THE Advertiser successfully fought to ensure three of the defendants involved in the latest Stovewood trial could be named.
Deputy news editor Adele Forrest (pictured, below) made representations to the court at the opening of the trial that restrictions had been unlawfully placed on four of the defendants — meaning the press could not identify them during the trial.
She said: “Not only were the restrictions involving four of the defendants made while the judge was sitting in chambers (in private), the Press were not given advanced notice of them or invited to challenge them, despite myself and another reporter being sat outside the court room.
“I not only believed the manner in which they had been made was unlawful but I also believed correctly that the grounds on which they had been granted for two of the defendants were invalid.”
A ban on naming four of the defendants would have made reporting on the trial extremely difficult and confusing for readers.
Judge Slater invited Ms Forrest to address the court on July 10, when she pointed out rule 16.2(3) of the Criminal Procedure Rules 2013 states a court should not impose a restriction unless each party and any other person directly affected — including the media — was present or had been given the opportunity to make representations.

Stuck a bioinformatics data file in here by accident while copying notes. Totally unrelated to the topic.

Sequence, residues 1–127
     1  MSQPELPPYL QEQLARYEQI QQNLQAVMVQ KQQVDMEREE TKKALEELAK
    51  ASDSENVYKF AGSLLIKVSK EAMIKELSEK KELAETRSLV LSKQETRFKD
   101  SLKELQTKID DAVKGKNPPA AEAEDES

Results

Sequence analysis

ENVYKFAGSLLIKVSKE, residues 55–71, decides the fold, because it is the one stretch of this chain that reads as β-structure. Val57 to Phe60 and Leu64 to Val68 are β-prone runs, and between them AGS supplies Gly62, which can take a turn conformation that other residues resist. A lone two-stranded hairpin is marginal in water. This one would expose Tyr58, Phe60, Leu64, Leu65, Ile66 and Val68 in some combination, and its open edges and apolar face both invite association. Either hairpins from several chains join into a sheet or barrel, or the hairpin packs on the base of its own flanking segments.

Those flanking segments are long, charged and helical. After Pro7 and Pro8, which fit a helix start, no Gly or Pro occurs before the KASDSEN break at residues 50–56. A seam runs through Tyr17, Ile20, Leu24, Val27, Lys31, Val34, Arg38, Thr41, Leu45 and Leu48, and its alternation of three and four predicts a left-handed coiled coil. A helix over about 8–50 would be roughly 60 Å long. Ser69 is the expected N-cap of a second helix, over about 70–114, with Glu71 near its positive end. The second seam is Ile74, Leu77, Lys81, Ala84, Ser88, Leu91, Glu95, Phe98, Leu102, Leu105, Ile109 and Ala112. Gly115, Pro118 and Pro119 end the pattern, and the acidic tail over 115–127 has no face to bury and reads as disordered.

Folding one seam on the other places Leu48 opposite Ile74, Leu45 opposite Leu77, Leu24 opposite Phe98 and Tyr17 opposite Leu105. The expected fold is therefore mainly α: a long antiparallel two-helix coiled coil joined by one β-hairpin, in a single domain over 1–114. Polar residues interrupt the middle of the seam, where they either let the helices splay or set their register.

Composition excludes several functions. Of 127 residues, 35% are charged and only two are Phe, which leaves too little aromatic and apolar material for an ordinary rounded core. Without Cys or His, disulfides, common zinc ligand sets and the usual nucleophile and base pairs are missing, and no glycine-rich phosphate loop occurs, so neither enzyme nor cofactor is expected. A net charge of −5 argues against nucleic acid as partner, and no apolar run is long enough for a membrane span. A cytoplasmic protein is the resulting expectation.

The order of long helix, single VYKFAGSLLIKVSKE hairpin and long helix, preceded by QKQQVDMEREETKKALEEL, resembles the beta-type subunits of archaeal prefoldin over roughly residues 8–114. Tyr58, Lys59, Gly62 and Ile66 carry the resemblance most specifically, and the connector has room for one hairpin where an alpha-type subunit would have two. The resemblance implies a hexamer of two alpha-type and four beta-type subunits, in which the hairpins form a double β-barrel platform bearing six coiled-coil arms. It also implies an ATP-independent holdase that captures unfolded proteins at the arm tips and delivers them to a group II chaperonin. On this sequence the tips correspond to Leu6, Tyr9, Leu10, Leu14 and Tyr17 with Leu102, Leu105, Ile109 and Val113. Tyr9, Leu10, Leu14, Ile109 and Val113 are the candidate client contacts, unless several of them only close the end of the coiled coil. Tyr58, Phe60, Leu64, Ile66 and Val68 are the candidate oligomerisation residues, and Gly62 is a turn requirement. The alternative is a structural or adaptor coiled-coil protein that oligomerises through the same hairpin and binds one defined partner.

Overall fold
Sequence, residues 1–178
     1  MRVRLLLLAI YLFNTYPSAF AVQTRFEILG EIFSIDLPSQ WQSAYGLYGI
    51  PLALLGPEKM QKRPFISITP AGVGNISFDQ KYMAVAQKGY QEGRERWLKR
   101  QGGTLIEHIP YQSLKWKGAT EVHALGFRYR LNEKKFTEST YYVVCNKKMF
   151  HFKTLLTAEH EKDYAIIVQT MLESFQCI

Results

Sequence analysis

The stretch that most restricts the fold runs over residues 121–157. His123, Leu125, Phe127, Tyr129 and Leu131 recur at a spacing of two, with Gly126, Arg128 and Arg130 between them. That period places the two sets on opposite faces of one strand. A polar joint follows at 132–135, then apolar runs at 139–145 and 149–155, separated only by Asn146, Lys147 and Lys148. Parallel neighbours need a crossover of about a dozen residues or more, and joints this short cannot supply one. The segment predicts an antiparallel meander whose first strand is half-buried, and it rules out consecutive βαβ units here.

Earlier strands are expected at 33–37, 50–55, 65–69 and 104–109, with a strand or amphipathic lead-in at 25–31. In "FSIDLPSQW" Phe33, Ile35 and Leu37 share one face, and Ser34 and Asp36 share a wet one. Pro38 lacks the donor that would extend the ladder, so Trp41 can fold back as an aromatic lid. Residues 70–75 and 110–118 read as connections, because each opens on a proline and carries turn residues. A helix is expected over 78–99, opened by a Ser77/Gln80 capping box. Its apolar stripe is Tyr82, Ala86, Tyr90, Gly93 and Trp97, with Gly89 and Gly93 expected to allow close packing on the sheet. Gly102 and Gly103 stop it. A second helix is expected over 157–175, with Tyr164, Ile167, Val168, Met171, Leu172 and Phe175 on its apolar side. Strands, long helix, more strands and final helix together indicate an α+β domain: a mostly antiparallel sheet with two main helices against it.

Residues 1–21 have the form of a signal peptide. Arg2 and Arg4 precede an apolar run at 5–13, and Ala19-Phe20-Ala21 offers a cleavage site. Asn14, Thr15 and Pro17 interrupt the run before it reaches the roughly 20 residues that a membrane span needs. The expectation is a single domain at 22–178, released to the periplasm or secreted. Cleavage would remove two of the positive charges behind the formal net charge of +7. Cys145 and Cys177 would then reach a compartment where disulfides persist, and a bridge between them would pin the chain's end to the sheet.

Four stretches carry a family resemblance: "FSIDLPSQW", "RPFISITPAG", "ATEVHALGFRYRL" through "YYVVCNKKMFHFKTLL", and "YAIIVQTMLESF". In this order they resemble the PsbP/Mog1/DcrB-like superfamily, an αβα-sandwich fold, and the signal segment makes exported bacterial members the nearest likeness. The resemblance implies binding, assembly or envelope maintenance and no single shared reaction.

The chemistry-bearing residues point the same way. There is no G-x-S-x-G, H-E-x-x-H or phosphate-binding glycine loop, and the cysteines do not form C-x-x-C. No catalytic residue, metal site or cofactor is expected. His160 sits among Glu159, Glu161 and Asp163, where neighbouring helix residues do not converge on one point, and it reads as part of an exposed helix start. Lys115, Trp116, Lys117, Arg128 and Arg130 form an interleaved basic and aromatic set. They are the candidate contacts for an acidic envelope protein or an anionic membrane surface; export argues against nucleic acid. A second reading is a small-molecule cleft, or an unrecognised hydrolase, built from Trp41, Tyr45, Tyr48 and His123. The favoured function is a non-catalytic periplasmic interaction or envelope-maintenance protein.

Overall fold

The rule also requires that parties applying for a reporting restriction, should, if the court directs, give the media advance notice.
Guidance by the Judicial College also states that courts should invite media representations when first considering making orders and the need for an order must be “convincingly established”.
After considering Ms Forrest’s application, Judge Slater said he had been given “updated information” regarding two of the defendants to whom he had granted anonymity.
He said the information he had been previously provided with was “inaccurate” and lifted the restrictions on identifying two of the men.
The judge went on to say he had made the restrictions in his chambers on July 8 due to the “sensitivities concerning this case” but said he had kept “firmly in mind” the principal of open justice.
Ms Forrest said: “Not being allowed in court to hear defence counsels’ arguments for applying for the restrictions meant we were on the back foot.
“If I had not been present in court for those first two days, the trial would have opened with two restrictions made due to inaccurate information.”
Ms Forrest also successfully applied for a reporting restriction against naming Aftab Hussain to be lifted, arguing the restriction should be amended to allow him to be named while making no mention of a previous trial in which he was convicted.
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